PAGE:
Credit Rating Agencies: The Importance of Fundamentals in the Assessment of Sovereign Ratings
Economic Analysis & Policy, Vol. 43 No. 2, September 2013
20 Pages Posted: 30 Sep 2013
Date Written: September 1, 2013
The aim of this paper is to investigate the significance of a set of macroeconomic variables in the assessment of the sovereign ratings provided by the three main credit rating agencies in different periods in time and for countries belonging to different categorizations. Ratings have a great economic importance as they constitute the main drivers for attracting foreign investments and can influence the dynamics of interest rates. By grouping the countries according to levels of development and indebtedness, we provide the analysis of the weights attributed to each one of the macroeconomic indicators included in the analysis. Furthermore, it is of interest to examine how ratings are constructed and if they exhibit a historical coherence that goes beyond the economic cycles. The analysis rests on an unbalanced panel of 139 countries in the period 1975-2010. In order to provide an answer to ratings’ historical coherence, we selected two sub-periods: 1975-1996 and from 1997 onwards. Static estimates findings show that per capita GNI, inflation, unemployment, fiscal balance, government debt and default history significantly affect ratings, while GNI growth and current account balance are less relevant. Furthermore, Granger causality results underline that a one-way causality runs from average ratings to economic growth.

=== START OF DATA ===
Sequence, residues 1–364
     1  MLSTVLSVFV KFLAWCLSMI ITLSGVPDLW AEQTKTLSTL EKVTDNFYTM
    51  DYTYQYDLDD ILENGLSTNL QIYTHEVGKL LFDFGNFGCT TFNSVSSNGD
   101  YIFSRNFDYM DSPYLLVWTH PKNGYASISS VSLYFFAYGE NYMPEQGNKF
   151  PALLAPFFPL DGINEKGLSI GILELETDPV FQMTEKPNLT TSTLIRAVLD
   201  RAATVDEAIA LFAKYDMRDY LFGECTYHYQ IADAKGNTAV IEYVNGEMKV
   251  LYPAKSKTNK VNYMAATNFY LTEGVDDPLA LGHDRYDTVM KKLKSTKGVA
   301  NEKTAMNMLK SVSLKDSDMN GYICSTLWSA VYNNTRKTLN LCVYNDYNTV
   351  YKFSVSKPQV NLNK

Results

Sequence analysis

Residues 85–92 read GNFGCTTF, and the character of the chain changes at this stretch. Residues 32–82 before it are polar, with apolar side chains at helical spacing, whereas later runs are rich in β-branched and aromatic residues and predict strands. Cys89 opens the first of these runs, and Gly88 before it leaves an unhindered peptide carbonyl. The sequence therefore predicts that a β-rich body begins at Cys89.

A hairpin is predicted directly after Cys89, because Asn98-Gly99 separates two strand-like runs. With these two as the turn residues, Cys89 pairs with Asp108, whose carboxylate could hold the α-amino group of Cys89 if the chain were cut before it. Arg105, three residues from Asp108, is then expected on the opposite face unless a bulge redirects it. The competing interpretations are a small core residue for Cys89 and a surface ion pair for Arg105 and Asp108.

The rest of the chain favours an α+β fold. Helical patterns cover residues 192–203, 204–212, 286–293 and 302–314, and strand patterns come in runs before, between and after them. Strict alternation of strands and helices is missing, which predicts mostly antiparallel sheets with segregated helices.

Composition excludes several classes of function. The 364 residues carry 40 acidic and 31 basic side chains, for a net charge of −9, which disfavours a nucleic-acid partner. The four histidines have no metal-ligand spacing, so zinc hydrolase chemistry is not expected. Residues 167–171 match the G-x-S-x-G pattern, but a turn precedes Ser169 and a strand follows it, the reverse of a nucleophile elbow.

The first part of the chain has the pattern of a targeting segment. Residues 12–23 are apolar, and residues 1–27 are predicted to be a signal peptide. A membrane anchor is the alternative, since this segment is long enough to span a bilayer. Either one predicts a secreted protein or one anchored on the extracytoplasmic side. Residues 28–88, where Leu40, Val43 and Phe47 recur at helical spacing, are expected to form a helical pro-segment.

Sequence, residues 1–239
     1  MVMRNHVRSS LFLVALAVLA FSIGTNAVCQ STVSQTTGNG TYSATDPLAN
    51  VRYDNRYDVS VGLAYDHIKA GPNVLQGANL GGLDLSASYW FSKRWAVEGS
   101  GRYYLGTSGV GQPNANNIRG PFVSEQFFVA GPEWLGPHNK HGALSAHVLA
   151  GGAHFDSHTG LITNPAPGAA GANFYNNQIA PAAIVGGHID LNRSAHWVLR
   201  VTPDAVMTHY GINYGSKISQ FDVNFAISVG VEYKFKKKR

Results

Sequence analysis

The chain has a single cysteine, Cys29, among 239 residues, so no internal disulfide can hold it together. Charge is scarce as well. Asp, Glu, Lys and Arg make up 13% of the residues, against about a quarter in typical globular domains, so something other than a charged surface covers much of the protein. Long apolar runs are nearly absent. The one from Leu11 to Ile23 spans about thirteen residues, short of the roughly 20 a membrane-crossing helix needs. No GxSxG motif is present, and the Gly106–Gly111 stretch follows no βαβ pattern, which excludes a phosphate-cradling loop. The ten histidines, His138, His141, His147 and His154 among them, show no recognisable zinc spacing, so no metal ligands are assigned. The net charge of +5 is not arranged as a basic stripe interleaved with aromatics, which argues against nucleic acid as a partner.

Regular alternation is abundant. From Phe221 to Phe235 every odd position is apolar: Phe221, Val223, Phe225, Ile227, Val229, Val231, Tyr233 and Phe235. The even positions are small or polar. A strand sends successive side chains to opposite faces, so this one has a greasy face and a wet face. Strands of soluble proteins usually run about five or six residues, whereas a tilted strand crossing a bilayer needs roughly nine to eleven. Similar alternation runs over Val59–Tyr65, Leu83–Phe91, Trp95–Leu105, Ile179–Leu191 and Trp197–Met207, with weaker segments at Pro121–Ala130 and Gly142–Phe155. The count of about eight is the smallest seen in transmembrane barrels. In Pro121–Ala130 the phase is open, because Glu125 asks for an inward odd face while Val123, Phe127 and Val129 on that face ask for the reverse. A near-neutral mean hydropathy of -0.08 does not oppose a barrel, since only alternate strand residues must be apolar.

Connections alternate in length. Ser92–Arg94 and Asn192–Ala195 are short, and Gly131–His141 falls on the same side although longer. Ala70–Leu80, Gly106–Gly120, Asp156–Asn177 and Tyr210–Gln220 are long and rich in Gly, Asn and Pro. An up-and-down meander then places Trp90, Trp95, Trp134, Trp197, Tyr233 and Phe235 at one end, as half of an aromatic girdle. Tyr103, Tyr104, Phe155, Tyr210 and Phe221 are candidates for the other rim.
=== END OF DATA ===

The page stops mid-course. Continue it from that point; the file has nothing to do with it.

Keywords: Credit rating agencies, Sovereign debt, Panel data, Granger causality
JEL Classification: C23, H63, G01, G24
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